Wednesday, February 3, 2016

Let The Projects Begin!

Projects are a part of boat life, it is just a given. When we purchased Empyrean we knew that there would be a multitude of tasks to complete before we could move aboard and even more to get ready to cruise.  As soon as we closed the deal and had the keys we began planning for all the projects we would need to complete over the next 9 months to prepare for our departure to Mexico.

First on the list was to get rid of leaky diesel tanks. The quote of the labor alone to hire out for this job was more than we wanted to invest, plus what better way to get to know your boat than to rip it apart yourself, and so we dove in.  We began by deciphering the magnitude of hoses under the galley sink. Unfortunately the previous owner had passed away and we would be pretty much on our own in trying to figure out his wiring and plumbing plans of years past. We decided on the best way to cut out the galley floor, remove the island and access the first tank. Once we reached the tank we had to figure out how to get this huge steel beast out. We spent weeks cutting through the steel tank slowly chipping away at it on Tom's days off. This definitely was the worst job we had ever done.
When we needed a break from the arduous task of removing the tank, we would work on the forward head.  We had decided even before purchasing Empyrean that we wanted to have composting heads on our cruising boat.  We are striving to be green and saving water along with  the benefit of eliminating the odors associated with holding tanks, it made sense to us. The v berth, which our older two girls will share, stunk...bad! We started by pumping out the head, removing the holding tank along with all of the hoses and the old corroded head, it was gross! Which job was worse? Well it is a toss up, backbreaking or nasty.... hmmm? The worst part, there are two heads to replace and we also have two diesel tanks.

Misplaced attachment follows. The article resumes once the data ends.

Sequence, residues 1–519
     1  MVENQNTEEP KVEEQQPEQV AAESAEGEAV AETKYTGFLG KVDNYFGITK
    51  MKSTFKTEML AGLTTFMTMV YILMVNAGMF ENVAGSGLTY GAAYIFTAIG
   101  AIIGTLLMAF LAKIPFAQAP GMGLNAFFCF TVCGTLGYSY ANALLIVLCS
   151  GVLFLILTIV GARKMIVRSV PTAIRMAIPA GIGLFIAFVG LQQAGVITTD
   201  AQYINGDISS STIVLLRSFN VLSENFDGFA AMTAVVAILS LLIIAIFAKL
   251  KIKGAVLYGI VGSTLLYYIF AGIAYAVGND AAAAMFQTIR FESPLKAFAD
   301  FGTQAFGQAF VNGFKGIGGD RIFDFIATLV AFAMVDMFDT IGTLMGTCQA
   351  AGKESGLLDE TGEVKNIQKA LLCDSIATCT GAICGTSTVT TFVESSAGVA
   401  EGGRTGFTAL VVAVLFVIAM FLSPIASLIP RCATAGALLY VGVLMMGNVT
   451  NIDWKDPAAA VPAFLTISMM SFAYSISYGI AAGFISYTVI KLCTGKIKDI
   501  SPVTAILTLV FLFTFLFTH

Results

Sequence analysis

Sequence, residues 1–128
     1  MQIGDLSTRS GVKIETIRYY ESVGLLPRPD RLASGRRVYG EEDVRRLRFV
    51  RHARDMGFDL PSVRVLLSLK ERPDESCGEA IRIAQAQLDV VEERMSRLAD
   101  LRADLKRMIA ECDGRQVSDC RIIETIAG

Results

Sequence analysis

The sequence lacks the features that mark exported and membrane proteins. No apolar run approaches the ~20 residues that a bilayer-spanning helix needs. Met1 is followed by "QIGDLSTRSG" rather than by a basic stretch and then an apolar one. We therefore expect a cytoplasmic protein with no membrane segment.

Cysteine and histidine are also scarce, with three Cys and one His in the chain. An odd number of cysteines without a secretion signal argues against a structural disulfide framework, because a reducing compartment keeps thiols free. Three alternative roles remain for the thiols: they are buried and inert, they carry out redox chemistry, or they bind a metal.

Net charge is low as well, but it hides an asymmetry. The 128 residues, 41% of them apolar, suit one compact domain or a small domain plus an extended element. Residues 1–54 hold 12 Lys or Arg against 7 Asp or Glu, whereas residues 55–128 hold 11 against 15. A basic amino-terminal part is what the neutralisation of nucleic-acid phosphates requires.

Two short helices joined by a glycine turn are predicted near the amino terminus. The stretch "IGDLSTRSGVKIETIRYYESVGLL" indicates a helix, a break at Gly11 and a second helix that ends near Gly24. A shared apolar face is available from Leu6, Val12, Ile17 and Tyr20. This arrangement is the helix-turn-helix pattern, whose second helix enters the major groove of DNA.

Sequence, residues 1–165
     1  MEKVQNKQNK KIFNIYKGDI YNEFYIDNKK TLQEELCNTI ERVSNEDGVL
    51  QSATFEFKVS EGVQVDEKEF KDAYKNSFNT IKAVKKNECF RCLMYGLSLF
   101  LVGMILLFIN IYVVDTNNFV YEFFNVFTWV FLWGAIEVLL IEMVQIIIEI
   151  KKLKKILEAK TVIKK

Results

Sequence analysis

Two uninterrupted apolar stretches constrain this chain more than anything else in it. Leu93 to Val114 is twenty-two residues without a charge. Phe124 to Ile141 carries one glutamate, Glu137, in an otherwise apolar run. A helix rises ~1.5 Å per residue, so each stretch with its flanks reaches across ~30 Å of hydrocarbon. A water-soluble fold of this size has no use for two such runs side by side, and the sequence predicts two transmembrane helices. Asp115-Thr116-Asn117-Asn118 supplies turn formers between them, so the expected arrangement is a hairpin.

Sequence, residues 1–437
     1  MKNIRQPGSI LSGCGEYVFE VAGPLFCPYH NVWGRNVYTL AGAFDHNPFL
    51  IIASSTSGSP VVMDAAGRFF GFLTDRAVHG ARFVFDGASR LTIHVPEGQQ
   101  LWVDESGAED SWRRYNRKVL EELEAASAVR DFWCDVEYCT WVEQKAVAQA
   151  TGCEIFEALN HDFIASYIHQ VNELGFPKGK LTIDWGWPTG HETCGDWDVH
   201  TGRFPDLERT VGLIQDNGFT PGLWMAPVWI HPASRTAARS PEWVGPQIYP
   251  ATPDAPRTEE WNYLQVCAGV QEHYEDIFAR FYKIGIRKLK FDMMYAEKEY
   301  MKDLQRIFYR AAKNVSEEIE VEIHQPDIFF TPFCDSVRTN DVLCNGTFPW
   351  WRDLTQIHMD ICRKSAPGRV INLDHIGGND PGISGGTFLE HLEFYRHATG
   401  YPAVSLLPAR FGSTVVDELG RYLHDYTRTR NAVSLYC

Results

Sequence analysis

Back to the tank, we finally got the last pieces out! Tom went to work designing the new tank. We would have to go smaller to get it into the boat. I worked cleaning and painting the space that would house the new tank. We ordered up the new tank and held our breath while we waited for it to be made.  We had never attempted anything like this before so we just hoped all of our research would pay off in the form of a new tank that made it through the companionway and fit into the space below the galley. 
We made the trip to San Diego to pick up the tank. Boy were we excited when we hauled it through the companionway and into the cabin below. Getting it into the hull unfortunately took a little more destruction of the galley's in! We went to work putting the floor and galley island back together. Everything looks great!  Now we will begin replacing all of the plumbing.  With the first fuel tank out we were able to better inspect the second tank and it is actually in significantly better condition so we are opting to not replace it...yet.  Also we had great access to the hot water tank so we decided to replace it.

As far as the head, I used Interlux Bilgekote to give the space a fresh coat of paint. We installed a new faucet, a solar vent and a new NaturesHead composting toilet. Things are moving right along, new fuel tank, one head complete and one to go. 

Stay tuned as we prep to haul out, prep and paint our masts and replace most of our standing rigging.

1 comment:

  1. Wow, that's a ton of work! Love how you just get in there and start tearing things apart! Reminds me of how I started my ownership of my first sailboat. I bought a Hunter 25 and within a week I was tearing out all the old carpet hull liner and pretty much demolishing the v-berth to rebuild.

    Looking forward to following more of your adventure.